it) so that the tubing is stretched. Shift all of your body
weight to the right leg and stand on your right foot only. Raise
your left thigh so that it is parallel to the floor.
While keeping your left knee flexed, move your left leg through
what feels like a normal running motion for a set of 10 repetitions.
Your left foot should not touch the floor at any point during
the cycle, and you should maintain full weight on the right
foot. Perform two sets per leg, two days each week on nonconsecutive
3. Toe Presses
MUSCLES EXERCISED: Muscles of the calf and Achilles tendon
IMPORTANCE TO RUNNERS: The calf
muscles absorb shock during footstrike and stabilize both the
ankle and knee during the ground-contact phase of running. The
calf muscles and Achilles tendon also help to rock the foot
forward just prior to toe-off. Toe presses build up this whole
area of the leg.
TO DO THE EXERCISE: Stand on
a step or low bench with your weight on the ball of your right
foot and your right heel hanging down below the edge of the
step. Your left leg should be bent and unsupported. Hold onto
a handrail or wall to maintain balance, and rise up on the toes
of your right foot as high as you can, keeping the right leg
straight. Then lower your right heel below the level of the
step until you feel a stretch in your right calf. Repeat the
exercise 15 times before switching to the left leg. Do two sets
of toe presses per leg, three days a week on nonconsecutive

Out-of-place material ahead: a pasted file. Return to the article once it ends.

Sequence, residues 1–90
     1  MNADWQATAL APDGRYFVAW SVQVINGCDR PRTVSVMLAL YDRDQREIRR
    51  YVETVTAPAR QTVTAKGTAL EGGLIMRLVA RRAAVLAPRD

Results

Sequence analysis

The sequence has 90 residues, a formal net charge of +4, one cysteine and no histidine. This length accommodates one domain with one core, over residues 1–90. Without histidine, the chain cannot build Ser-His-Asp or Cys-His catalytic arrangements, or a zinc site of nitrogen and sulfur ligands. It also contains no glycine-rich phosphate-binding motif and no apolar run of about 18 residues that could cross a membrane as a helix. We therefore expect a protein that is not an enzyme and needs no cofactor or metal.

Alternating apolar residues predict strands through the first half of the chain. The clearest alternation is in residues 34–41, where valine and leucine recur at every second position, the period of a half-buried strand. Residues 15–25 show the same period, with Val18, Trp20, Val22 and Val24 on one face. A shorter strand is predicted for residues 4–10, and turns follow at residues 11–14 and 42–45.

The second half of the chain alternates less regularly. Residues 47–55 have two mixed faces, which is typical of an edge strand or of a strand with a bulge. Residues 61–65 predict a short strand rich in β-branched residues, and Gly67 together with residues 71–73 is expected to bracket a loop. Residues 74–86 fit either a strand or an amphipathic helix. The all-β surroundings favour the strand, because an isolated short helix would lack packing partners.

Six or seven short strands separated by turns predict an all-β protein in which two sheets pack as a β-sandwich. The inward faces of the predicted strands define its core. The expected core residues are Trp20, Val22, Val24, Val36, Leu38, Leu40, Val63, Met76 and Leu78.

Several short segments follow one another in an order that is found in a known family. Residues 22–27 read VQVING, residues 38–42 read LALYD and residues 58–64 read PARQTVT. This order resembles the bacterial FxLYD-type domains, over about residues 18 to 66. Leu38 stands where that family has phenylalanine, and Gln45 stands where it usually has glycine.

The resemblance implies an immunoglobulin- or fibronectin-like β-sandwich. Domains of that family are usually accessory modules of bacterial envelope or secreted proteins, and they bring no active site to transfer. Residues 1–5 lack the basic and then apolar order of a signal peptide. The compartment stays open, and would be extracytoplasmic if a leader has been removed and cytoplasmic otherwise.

4. Toe Pulls
MUSCLES EXERCISED: Muscles of the feet and toes
IMPORTANCE TO RUNNERS: The muscles
of the feet and toes maintain the strength and resiliency of
the arch and provide a strong base of support during the ground-contact
phase of running. Doing toe pulls regularly should lower the
risk of plantar fasciitis and decrease your ground-contact time
during footstrike, boosting your stride rate.
TO DO THE EXERCISE: Stand barefoot
or in socks with your feet about 2 inches apart. Shift your
weight slightly onto your left foot while flexing the toes of
your left foot upward and pulling the toes of your right foot
downward and back. Your right foot should slide forward 1 to
2 inches as you pull strongly with your right toes. Next, shift
your weight slightly to your right foot, and flex your right
toes upward while pulling down with your left toes, causing
your left foot to creep forward. Starting slowly and gradually
increasing the tempo of movement, repeat this right-left cycle
until each foot has pulled you forward 30 times. Complete two
sets of toe pulls, three times a week on nonconsecutive days.
5. Bench Sit-Ups
MUSCLES EXERCISED: Buttocks and hamstrings
IMPORTANCE TO RUNNERS: The buttocks
muscles and hamstrings stabilize the hip and knee joints and
help to propel the body forward during running. Performing bench
step-ups intensifies this propulsive action.